2.1.8.1.1. The downfall of their relationship and the hardships they’ll go through. Foreshadows their death. Enforces what the audience may already have inferred from the Kissing Sonnet.

2.1.8.2. The Kissing Sonnet (act 1, scene 5, lines 93-107)

2.1.8.2.1. The beginning of their love leading to their inevitable death (fatalistic) Love at first sight archetype “star cross’d lovers”, as well as a forbidden/doomed love

3. Dynamics

3.1. Family

3.1.1. Feuds

3.1.1.1. The family feud between the Montagues and Capulets cause the two young lovers to go behind their family's backs and engage in an ultimately doomed relationship. This emotionally charged feud adds another aspect of conflict to Romeo and Juliet's lives and makes everything more intense and definitely doesn't help in promoting rational and healthy decision making.

3.1.1.1.1. "Two households, both alike in dignity, In fair Verona (where we lay our scene), From ancient grudges break to new mutiny, Where civil blood makes civil hands unclean. From forth the fatal loins of these two foes A pair of star-cross'd lovers take their life; ...And the continuance of their parent's rage, Which but their children's end nought could remove, Is now the two hours' traffic of our stage; The which if you with patient ears attend, What here shall miss, our toil shall strive to mend." (act 1, scene 1, lines 1-14)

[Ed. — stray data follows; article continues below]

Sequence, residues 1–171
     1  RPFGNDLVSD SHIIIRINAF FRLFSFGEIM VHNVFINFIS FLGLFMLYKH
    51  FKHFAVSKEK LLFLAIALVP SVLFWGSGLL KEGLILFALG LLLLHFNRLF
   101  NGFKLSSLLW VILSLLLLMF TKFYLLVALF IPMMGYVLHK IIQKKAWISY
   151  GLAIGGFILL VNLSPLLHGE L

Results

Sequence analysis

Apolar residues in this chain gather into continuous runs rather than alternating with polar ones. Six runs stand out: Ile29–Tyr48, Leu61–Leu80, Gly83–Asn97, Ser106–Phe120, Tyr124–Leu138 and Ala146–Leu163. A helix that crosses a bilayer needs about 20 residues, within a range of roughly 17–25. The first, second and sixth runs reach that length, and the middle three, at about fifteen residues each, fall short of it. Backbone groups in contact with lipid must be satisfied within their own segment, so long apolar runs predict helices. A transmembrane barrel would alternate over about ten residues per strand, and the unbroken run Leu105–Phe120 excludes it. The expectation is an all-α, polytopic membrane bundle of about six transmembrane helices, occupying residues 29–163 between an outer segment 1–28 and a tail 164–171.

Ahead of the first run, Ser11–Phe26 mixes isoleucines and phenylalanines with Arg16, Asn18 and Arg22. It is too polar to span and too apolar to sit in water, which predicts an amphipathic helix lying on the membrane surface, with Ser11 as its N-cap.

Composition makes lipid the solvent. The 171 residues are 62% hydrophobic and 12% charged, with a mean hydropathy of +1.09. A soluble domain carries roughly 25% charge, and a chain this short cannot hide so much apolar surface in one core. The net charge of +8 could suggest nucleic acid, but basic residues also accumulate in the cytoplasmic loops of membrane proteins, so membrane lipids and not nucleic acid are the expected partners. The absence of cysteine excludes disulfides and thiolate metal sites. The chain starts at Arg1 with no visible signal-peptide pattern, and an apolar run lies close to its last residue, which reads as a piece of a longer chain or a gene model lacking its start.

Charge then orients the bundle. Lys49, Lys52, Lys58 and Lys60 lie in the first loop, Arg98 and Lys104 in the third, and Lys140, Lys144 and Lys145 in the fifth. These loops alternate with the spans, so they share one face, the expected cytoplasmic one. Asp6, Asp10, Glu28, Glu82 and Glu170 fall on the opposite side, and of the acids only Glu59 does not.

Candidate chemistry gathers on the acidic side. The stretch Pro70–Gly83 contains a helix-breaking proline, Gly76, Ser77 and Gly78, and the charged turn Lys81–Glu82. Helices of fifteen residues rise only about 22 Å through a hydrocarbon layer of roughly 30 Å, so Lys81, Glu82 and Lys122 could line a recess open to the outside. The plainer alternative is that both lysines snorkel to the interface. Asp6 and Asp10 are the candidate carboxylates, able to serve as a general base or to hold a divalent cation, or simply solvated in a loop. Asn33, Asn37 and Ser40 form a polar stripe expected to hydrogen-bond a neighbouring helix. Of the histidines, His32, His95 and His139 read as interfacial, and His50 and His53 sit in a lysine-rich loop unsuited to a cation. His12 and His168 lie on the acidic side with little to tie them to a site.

3.1.1.1.2. Adult betrayal

3.1.2. Adults and Children

3.1.2.1. Montagues

3.1.2.1.1. the Montagues are not heavily involved in Romeo's life, while they do show concern for him at the beginning as Montague asks why his son is so downcast and sad.

3.1.2.1.2. male children had more freedom apart from their family and got educated. This was in contrast to female children

3.1.2.2. Capulets

3.1.2.2.1. Capulet and Lady Capulet are heavily involved in Juliets life, they are controlling and see her as just another risk to their family's reputation. They insist that she marries Paris because of his status and do not listen to her when she expresses that she does not want to marry him. This is a good representation of a typical parent daughter relationship at the time, they want her to marry into a good family and see it as a duty to the family rather than something that would make Juliet happy.

3.1.2.2.2. Wife and Husband

3.1.2.3. Friar Lawrence

3.1.2.3.1. As a father figure

3.1.2.3.2. While he does caution Romeo about his actions he also does help the two lovers to meet and to ultimately marry each other. He also is the one to make up the plan that, in the end, results in both Juliet and Romeo’s death. He encourages Juliet to act like she was dead and fails to inform Romeo about said plan, as a result both Romeo and Juliet end up committing tragic suicides.

3.1.2.4. Nurse